Monday, November 8, 2010
If Antonio Margarito is the villain in Saturday's title fight against Manny Pacquiao, someone forgot to give the screenplay to boxing fans.
Fort Worth's Eric Reyna, 29, gathered with about 1,000 fans Sunday at La Gran Plaza Mall to listen as Margarito took questions and signed autographs in what morphed into more of a pep rally than a public appearance.
For fans such as Reyna and older brother Jose, a sports hero can do no wrong even if he does wrong. Such is the case of "The Tijuana Tornado," who was found to have plaster on his hand wraps before a 2009 fight with Shane Mosley. Margarito served a one-year suspension. Yet, Margarito was handpicked by promoter Bob Arum and Jerry Jones to help boost attendance for Saturday's bout at Cowboys Stadium and stands to make around $5 million.
Sports history is filled with athletes or coaches who've looked to take shortcuts, whether with performance-enhancing substances or other schemes, and the results have been mixed in how they recover from these scandals.
Certainly, Margarito appears to have recovered from the controversy.
The Reyna brothers buy into the notion that Margarito's former trainer, Javier Capetillo, could have doctored the gloves and wraps without Margarito's knowledge.
"I honestly try to ignore it because I don't want to look at him as a bad guy if he didn't know about the wraps," Eric Reyna said. "Either way, I liked him before. If he knew about it, I doubt he wrapped his hands like that all the time. Maybe he just did it for that fight if that is what happened.
"I don't want to look at him as the bad guy. I'm willing to give him a second chance and, hopefully, he wins or gives Pacquiao a good fight at least."
Based on the enthusiastic reaction Margarito received during two local public appearances Sunday, his fans aren't just standing beside him but are ready to hoist him upon their shoulders.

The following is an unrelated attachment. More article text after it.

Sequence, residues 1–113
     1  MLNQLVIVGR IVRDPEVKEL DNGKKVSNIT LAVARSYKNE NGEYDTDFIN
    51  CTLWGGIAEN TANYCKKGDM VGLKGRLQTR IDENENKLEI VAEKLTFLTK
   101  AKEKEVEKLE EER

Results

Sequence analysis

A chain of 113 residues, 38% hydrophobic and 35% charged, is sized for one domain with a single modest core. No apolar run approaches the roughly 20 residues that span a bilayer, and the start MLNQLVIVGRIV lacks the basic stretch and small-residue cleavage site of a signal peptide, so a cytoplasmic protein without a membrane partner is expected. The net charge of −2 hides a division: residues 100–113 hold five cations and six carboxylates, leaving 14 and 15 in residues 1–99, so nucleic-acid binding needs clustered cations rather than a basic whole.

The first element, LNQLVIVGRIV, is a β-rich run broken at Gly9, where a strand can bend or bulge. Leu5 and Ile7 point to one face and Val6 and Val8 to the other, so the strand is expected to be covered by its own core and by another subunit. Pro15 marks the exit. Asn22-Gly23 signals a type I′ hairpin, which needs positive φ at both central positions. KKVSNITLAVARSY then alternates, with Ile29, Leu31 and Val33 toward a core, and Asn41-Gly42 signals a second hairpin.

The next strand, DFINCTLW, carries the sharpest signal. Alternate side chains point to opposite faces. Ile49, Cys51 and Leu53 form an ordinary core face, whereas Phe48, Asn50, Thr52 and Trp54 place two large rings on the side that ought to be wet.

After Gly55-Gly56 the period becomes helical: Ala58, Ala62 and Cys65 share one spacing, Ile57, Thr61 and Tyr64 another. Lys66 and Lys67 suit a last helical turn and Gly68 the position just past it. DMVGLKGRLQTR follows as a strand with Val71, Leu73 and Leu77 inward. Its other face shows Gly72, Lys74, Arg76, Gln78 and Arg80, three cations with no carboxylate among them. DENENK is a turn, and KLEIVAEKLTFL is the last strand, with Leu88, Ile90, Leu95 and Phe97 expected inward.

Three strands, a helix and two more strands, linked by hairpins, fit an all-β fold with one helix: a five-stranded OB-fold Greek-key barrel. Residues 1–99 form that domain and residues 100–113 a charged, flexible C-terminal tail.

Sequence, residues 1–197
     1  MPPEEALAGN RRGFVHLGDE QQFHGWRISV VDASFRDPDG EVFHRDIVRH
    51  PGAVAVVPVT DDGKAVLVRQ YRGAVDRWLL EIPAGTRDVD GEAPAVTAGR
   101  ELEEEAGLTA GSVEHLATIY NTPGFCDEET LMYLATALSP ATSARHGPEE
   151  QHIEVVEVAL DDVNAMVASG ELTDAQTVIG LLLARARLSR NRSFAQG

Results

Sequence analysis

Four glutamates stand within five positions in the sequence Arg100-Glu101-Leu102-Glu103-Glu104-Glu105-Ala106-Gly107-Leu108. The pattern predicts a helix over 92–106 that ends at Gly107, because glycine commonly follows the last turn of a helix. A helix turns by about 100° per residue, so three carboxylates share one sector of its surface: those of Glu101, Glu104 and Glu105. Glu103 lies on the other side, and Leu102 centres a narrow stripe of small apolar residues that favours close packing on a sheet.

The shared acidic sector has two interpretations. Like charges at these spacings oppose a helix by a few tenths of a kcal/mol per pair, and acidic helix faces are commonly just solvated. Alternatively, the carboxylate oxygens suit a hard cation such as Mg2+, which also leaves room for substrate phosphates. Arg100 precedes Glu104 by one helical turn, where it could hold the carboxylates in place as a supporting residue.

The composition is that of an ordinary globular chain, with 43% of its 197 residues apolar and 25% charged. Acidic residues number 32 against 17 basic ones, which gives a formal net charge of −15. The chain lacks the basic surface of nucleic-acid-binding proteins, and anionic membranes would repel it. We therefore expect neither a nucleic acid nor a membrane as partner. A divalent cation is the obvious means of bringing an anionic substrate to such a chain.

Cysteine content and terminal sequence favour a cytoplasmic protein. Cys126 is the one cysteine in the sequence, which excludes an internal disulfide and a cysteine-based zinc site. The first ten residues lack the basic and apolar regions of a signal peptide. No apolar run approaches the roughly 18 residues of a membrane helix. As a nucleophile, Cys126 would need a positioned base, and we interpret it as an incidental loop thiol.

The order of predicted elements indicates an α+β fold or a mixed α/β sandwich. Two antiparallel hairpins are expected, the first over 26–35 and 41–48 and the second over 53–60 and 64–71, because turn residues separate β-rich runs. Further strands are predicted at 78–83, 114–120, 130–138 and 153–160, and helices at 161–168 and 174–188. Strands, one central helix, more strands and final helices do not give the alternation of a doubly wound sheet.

Margarito's fan base includes Milwaukee Brewers pitcher and Fort Worth product Yovani Gallardo, who presented Margarito with a customized Brewers jersey.
"[Fan support] means a lot; any professional athlete can tell you that," Gallardo said. "The fans are going to be behind you. They're going to support you and it means a lot."
The HBO series 24/7 has certainly painted Margarito as more than a shady figure, but as a mentor to young fighters and a devout family man.
Trainer Robert Garcia said the personal look at Margarito has won the boxer even more fans.
"I think it did [help his image]," Garcia said. "They see the way we do training camp. They see we have fun. They see we joke around. They see we train hard. They see things that Margarito is doing with the kids, the amateurs, and I think it's helped a lot."
While fans may have forgiven or believe Margarito's claims of innocence, Pacquiao trainer Freddy Roach isn't that trusting.
He said last week he will personally oversee the wrapping of Margarito's hands before the fight.
"It helps the fight in general because of the press and the notoriety of the fight," Roach said. "But it doesn't change the fight at all; it will be on the up-and-up. Both will be equal in hand wraps and that's the way it is."